My mother was a strong woman.  She had to be to care for my father and for my sister and me.  We often misunderstood that rigidity that surfaced in her.  As My Dear Wife also is disabled, I now can understand my mother and her love for my dad.  My mother's example of perseverance, in the trial of loving a person with all your heart that you have watched physically decline, on days when your heart wants to cry out for mercy, gives me strength today.
 
My mother was no shrinking violet, and she called a spade a spade.  Many years ago, when I was particularly off in left field, she prayed for God to hit me over the head with a baseball bat.  About 6 years ago, her prayer was answered as God who had a better plan, allowed me to be hit in the head by a Ford Aerostar van.  That incident left me disabled myself, and has allowed me to see the wonderful example that my father was, in how he dealt with his own infirmity.  I have come to understand how difficult life was for him, and how much he loved us and God to never have quit.
 
About 5 years ago, my mother became suddenly, deathly ill.  My Dear Wife and I, along with two of my cousins, were able to be present at the moment when she was ushered into the kingdom of heaven.  The doctor called us at home near midnight to tell us that he thought my mother would not make it through the night.  We called my cousins and met them back at mom's hospital bed.  After she received the Sacrament of the Sick from the on call priest, we sat around her, and prayed the Hail Mary, Glory Be, and concluded with an Our Father.  At the Amen of the Our Father, we all witnessed her spirit leaving the room to go and join my dad, and all the saints in heaven.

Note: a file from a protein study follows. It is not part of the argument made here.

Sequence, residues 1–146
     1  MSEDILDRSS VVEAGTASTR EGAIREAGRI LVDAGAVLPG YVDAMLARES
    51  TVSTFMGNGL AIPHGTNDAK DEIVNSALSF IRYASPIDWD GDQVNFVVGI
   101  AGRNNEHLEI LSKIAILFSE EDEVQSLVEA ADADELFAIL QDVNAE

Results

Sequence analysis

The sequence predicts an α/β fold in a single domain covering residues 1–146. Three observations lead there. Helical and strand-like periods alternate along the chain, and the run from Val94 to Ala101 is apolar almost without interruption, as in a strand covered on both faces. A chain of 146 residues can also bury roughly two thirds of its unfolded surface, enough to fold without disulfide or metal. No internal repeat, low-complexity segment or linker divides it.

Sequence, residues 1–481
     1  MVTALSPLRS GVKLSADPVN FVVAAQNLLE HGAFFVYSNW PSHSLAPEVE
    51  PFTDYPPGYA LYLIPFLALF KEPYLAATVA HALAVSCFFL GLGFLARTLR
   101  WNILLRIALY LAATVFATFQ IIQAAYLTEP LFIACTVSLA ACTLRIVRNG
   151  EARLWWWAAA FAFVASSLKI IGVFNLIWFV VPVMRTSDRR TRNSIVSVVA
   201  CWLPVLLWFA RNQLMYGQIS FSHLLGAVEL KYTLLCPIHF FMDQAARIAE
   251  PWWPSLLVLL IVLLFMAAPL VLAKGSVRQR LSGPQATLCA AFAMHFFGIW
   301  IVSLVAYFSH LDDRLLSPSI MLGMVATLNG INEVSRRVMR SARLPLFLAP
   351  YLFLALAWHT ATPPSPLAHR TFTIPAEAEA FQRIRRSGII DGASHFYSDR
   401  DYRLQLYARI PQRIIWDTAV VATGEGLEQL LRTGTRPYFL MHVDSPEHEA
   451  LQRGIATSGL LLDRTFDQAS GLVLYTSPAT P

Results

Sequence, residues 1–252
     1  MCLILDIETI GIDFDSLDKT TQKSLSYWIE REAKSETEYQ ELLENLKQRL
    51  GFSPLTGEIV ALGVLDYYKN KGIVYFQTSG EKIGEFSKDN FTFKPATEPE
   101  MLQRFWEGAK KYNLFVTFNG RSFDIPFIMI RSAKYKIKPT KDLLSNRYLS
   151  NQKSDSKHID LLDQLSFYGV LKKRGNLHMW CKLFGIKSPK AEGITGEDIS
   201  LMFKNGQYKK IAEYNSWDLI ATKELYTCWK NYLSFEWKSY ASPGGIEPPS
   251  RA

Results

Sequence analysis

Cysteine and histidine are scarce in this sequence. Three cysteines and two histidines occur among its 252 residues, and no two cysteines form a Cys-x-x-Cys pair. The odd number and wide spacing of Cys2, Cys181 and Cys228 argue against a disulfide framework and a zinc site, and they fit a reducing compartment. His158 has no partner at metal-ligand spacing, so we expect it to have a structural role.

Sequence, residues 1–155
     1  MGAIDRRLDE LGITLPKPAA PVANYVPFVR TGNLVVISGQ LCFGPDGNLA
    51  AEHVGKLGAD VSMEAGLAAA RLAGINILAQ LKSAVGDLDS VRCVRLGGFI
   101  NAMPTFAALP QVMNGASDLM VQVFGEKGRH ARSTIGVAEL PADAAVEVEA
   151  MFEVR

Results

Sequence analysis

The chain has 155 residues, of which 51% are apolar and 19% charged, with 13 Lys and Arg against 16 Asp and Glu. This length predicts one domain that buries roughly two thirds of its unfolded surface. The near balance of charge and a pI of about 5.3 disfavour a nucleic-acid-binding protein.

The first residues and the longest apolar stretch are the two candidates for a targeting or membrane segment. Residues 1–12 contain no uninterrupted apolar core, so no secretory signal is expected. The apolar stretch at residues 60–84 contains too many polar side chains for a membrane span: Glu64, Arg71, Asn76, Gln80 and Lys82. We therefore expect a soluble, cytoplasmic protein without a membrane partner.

Just as I completed this last sentence, My Dear Wife called me to come and pray the Rosary with her.   She had taken my rosary out from under the pillow in our bedroom.  This particular Rosary had been the one that my father received on joining the Knights of Columbus.  I have carried it with me for many years.  Last year the rosary links suddenly all turned to gold.  But, this morning as we prayed, Jesus fell off the cross, a reminder from my father to us that though Jesus died for us, it was his Resurrection that conquered death and sin.  After we finished praying, I replaced the now broken crucifix, with the crucifix from the Knights of Columbus Rosary that I received when I became a Knight, further linking us with my father.  Even though my dad has been dead for almost 30 years, he still remains with us.